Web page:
Greater Greater Washington

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To create safer bike routes, Alexandria can learn from other cities

Bike boulevards are an excellent way to keep roads safe for everyone. It's possible they'll come to Alexandria, but before that happens, planners should take note of what's worked and what hasn't elsewhere.


Photo by Payton Chung on Flickr.

A bike boulevard by any other name

Bike boulevards are streets that keep car volumes and speeds low, giving priority to people on bikes. They're sometimes known by other names: Portland, Oregon calls them "neighborhood greenways," and in Alexandria, planners call them "neighborhood bikeways." Alexandria Bicycle and Pedestrian Advisory Committee (BPAC) Chair Jim Durham prefers the term "neighborhood greenway" because he says a greenway is safer for all people, not just those on bicycles.

While terminology can vary, the basic design elements stay the same. On a bike boulevard, cars are slowed by way of speed bumps, narrowed streets with big curb extensions, and by breaking up long straightaways, where drivers tend to speed. Sometimes bike boulevards block cars from using parts of the road, allowing only bicycles and pedestrians to pass through.

Bike boulevards are an example of a modern approach to street planning, where cutting down on speeds and conflicts is the job of design elements rather than law enforcement. A well-designed bike boulevard has fewer stop signs to avoid slowing down bicycles, instead using roundabouts that make people slow down but don't force them to stop. The result is that everyone on the road can expect to move at a reasonable 15 mph.

Because modifications are limited to the roadway and the intersections, bike boulevards don't mean less parking space. "It really is a win for everybody," says Durham.

Can Alexandria's Royal Street neighborhood bikeway be revived?

Alexandria's Royal Street is an ideal candidate for a bike boulevard treatment. It is a popular bicycling route with low traffic volumes and parallel streets for drivers who prefer to avoid people on bicycles, and it connects to the popular Mount Vernon Trail at the both ends of the street.

Also, a bikeway on Royal Street would mean fewer bicycles on parallel streets, meaning fewer bike-car conflicts overall.

In January 2014, as the King Street Bike Lane public process was nearing a conclusion, city staff told cyclists that Royal Street was the next big project. But that June, citing local opposition, Alexandria city staff shelved the idea.

Both my sources and comments from City Council meetings indicate that residents of Old Town opposed the project on the basis of safety concerns and expected loss of parking places. I personally assumed that these issues would be discussed as soon as the public process got underway.

Instead, city staff tabled the project without input from BPAC. They informed both City Council and the public of their decision at a City Council meeting in June 2104.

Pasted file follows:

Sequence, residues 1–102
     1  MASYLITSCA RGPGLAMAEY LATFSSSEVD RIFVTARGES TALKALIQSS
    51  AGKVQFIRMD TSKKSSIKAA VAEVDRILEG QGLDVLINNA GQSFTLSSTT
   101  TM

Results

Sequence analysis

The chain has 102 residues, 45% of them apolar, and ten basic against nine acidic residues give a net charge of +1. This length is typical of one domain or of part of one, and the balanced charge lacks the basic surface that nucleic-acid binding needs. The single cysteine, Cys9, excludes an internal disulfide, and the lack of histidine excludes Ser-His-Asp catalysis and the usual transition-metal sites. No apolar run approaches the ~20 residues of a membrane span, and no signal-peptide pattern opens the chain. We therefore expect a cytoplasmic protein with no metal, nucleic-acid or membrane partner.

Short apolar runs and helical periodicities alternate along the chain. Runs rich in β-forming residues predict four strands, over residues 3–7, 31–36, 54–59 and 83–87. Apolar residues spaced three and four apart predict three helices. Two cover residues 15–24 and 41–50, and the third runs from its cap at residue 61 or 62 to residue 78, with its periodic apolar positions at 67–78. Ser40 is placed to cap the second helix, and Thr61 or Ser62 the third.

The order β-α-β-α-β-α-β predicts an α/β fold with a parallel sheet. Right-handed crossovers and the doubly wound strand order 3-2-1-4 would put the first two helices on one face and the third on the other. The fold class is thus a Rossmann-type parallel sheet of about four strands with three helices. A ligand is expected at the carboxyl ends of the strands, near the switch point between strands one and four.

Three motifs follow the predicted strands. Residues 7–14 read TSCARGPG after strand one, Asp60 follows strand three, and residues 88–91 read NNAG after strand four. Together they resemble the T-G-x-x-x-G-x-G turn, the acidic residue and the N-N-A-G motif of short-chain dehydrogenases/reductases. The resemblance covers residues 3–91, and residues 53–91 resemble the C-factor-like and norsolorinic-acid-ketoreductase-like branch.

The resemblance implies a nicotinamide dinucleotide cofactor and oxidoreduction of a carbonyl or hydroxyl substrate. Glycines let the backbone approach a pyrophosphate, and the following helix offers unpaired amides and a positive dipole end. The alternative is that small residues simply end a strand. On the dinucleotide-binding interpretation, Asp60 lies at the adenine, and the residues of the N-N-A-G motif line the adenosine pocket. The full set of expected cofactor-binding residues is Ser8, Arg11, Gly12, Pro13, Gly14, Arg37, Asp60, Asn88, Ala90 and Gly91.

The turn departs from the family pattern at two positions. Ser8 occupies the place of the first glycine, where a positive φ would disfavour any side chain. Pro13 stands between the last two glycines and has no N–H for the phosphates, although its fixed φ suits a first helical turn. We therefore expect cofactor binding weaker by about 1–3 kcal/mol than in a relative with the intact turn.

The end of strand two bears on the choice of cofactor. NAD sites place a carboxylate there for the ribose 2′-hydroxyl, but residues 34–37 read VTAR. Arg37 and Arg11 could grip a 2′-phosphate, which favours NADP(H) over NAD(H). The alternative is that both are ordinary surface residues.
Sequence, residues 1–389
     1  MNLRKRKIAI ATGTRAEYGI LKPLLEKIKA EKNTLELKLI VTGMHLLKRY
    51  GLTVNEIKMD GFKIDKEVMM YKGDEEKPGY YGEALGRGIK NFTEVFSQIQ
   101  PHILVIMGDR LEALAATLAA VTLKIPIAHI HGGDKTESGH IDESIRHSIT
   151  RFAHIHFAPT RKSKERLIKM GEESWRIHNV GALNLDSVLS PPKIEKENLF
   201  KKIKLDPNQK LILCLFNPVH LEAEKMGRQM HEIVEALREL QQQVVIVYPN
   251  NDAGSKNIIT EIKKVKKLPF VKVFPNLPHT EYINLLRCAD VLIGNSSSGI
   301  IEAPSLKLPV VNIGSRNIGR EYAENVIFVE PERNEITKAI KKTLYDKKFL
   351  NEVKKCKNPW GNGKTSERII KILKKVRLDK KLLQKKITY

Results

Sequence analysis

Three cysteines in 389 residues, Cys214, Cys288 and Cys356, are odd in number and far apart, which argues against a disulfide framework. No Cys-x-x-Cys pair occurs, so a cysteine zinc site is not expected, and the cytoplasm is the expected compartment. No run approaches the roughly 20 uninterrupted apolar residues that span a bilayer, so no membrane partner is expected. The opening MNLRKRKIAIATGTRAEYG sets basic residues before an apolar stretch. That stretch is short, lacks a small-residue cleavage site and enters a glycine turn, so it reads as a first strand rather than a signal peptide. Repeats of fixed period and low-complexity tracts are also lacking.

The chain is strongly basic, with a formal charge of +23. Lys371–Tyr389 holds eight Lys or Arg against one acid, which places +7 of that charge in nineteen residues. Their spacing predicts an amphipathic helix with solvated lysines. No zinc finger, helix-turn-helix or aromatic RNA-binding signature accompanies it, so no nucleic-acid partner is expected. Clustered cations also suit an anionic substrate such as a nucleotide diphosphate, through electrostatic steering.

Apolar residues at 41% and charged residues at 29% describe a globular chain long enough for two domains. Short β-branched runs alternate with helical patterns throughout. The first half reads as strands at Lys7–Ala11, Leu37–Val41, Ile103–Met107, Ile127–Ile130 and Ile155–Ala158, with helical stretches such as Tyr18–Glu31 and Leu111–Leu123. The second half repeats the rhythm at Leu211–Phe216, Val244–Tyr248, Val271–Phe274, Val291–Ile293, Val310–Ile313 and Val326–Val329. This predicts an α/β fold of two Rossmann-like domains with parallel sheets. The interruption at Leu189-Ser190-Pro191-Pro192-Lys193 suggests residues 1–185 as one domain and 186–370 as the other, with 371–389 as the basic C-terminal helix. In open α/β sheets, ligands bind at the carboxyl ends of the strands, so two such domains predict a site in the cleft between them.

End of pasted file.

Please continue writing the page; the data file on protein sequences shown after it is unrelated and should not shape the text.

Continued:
There's hope, though: earlier this month, when I shared a draft of this article with colleagues, an Alexandria bicycle and pedestrian planner let me know that city staff prefer the term "neighborhood bikeway." That Alexandria planners have any preference at all suggests that neighborhood bikeways have not been entirely abandoned.

How do Arlington's bike boulevards stack up against the nation's best?

Last year, I had the pleasure of riding bike boulevards in Portland. This month, I took a spin on Arlington's 9th and 12th Street bikeways. As much as I appreciate the progress embodied in the new, local bicycle routes, Portand currently has Arlington outclassed.

Right now, Arlington's bikeways don't connect to major destinations. On the east end, 9th Street stops at Wayne and 12th stops at Cleveland, both well-short of either the Pentagon or Pentagon City. In the west, they stop short of either the W&OD Trail or Bailey's Crossroads. The 9th Street route ends at Quincy Street, in a residential area, and the 12th Street bikeway ends at George Mason Drive, which isn't ideal for new cyclists.

Because neither 9th nor 12th Streets extend to reach major destinations, a realistic plan would be to connect these to other bike routes, creating a much-needed east-west route between the Pentagon area and Bailey's Crossroads.

Another thing Portland's bikeways do well is guide users through turns with signs and on-street markings. In Arlington, it's only signs, and at one point on 9th Street, I was worried I had lost the route.

Traffic diverters on Portland's bikeways designate separate space for bikes and pedestrians while stopping cars. Arlington's 12th Street, on the other hand, routes the bikeway and the sidewalk onto a multi-user path. People walking do not want to share a trail with people on bicycles, and for good reasons. Slightly wider trails with separate lanes for walking and biking would go a long way in Arlington.

Finally, Arlington's bikeways need safer crossings at major streets. At Walter Reed (both 9th and 12th Streets) and Glebe (9th Street only), I was left facing busy traffic with only a crosswalk to encourage me forward. Admittedly, I found myself in a similar pickle on Portland's Going Street bikeway, but in Portland I learned that drivers halt at the slightest sign that a pedestrian wishes to cross. No such luck in Arlington.